Washington April 27th 1838
My dear Sister,
I hope that you have received the letters Nos, 2. &
3, by way of keeping up my share of the correspondence I dis-
patched No. 4, which has been the general average between us,
mine quadruple the number of yours, n'importe, only when you do
me the honor to write, let your Epistles be rather more lengthy
& more particular, with fewer omissions of words &c. You must
read Theodosia over again before your writings will be like hers.
I see old M.L. Davis every day & every where, a remarkable co-
incidence occured between us, but too lengthy to mention.
My fellow boarders are Whigs, with but one exception, Mr.
Ward from South Carolina (or North). Judge Robbins from Rhode
Island, an antiquated speciman of mortality, sans teeth &c, &
whose days of usefulness I should think had long passed away,
lead the van, I am a cypher, a nobody, my presence is not heeded,
Away they talk, cutting up the President (Van Buren), Mr.
Buchanan & all the administration party without mercy, and mighty
events are concocted & discussed at the table. One says, "such a
thing would ba fine", " Is it " would says another, a third gives
his plan, as how to introduce & carry thru’ the measure, &
presently I hear the embryo concern debated on the floor of the
House, I am perfectly mute, a "looker on in Venice", I listen.
My friends are all Northerners (with the solitary exception) their
forms of speech are "have you been to ham? hadn't ought" &c
&c &c, they prefer molasses for their cakes at breakfast, and eat
boilad rice, with loaf sugar, at dinner, shockingly insipid! I am
amused, while I am among thea which indeed is only at meal times,
for after the eating is finished, we meet not again, until 'tis
the hour to eat once more, further than being amused, I cannot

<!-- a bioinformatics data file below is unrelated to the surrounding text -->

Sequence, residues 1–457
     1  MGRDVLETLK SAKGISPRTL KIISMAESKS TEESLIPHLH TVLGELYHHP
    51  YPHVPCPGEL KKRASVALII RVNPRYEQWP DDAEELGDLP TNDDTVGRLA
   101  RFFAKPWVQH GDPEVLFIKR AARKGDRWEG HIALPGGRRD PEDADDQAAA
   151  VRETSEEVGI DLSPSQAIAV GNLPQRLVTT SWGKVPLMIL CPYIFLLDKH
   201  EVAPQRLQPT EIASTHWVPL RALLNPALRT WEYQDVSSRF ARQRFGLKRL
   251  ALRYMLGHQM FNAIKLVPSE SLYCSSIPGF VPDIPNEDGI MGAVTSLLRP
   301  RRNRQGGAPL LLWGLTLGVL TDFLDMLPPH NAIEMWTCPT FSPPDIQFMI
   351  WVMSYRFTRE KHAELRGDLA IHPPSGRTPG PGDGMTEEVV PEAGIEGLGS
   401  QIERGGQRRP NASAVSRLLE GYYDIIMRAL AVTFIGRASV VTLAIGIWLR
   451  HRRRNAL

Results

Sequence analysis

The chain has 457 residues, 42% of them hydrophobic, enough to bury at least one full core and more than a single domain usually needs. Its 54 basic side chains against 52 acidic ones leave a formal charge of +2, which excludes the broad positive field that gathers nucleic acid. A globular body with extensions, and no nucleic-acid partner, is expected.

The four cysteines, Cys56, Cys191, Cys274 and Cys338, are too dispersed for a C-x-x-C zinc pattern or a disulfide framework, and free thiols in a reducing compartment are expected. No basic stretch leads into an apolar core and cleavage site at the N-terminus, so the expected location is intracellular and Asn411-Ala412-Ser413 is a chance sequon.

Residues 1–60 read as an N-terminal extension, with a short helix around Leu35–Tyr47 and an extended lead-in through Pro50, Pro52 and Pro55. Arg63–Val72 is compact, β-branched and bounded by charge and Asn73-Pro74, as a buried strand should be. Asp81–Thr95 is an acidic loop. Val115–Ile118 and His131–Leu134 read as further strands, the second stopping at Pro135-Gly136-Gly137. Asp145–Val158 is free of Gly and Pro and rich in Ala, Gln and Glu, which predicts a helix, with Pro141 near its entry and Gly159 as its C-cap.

claim the men are horribly indelicate, manners are at a low par,
I keep my eye on my plate & allow my ears full play.
The other day, while the Band was playing at the Capitol,
I saw a Lady, I saw many ladies, ah! but this one, something whisp-
ered to me that she waa the Hon. Mrs. Bell, I enquired, my
unaccountable conjecture was correct, that lady bore the name of
Mrs. Bell. I will not describe her, for you would deem the
portrait exaggerated, & pronounce me a most illnatured wretch,
but she is the paragon of ugliness, there is no expression of
fury, or --- temper, in her countenance, but there is everything
that is homely, every thing which one would turn away from,
sickened at the sight. She was a wealthy Banker's widow, in
Tennesee, possibly Mr. B married her for her Golden Charms.
I wish him joy, notwithstanding Mrs Keen's threat, I find that
Mrs. B- still boards with her, & therefore is yet my next door
neighbor, some kind power, preserve my susceptible heart.
It is worth any one's while, to walk through the lower
parts of the Capitol & see the thousand arches & walls &
columns, that support the building, & the huge furnaces that
diffuse heat over all parts of it, are there also.
A law was passed to prohibit spirituous liquors from being
sold in the precincts of the Capitol, but Brandy sells as lively
as ever under the title of ‘Pale brown Sherry’, this a specimen
of nearly all reform, between 12 & 1 daily I enter the
"Restaurant", custom is everything, before I get to the bar, the
man has begun to fill for me a goblet of Ale, which I quaff &
retire depositing as equavalent for the same 6 1/4 cents, lawful
money. I am becoming thin, that is, thinner, we will use the
comparative degree, this beverage they say, has a tendency to
increase ones corpulency, or rather to f no I was right, so in
the hope of benefiting by it, I drink every day one pint of
Poughkeepsie ale, have passed a law, prohibiting myself the use
of spirits under any name, for an unlimited time to come.
I heard Mr. Preston deliver an animate speech on the
subject of the annexation of Texas, but hope that, that event may
be long distant.
Mr. Buchanan replied to Mr. Clay on the subject of the U.S.
Bank notes, most happily he hit him so tenderly, so nicely, so
humourously, that the usual decorum preserved in the Senate
galleries, was broken through, and a cheer of applause burst
forth from many, both their remarks will be published soon.
Its strange, how suddenly & rapidly, the galleries of one house
are emptied, to fill those of the other, if any one, who possesses
the magic witchery of oratory arises, to pour forth his eloquence,
crowds flock to hear him, & the other house is deserted anon,
are you tired of me. I must write to you, for it is the greatest
solace I have, make me happy, by frequent letters, telling me how
you all are, what you do & every thing about you. I suppose
Miss Margaret is with you, may you enjoy yourselves. Miss Ann
is in New York by this time & doubtless delighted. She hoped to
go to West Point.
Love to all, your Brother
I shall go to Georgetown, this or next week.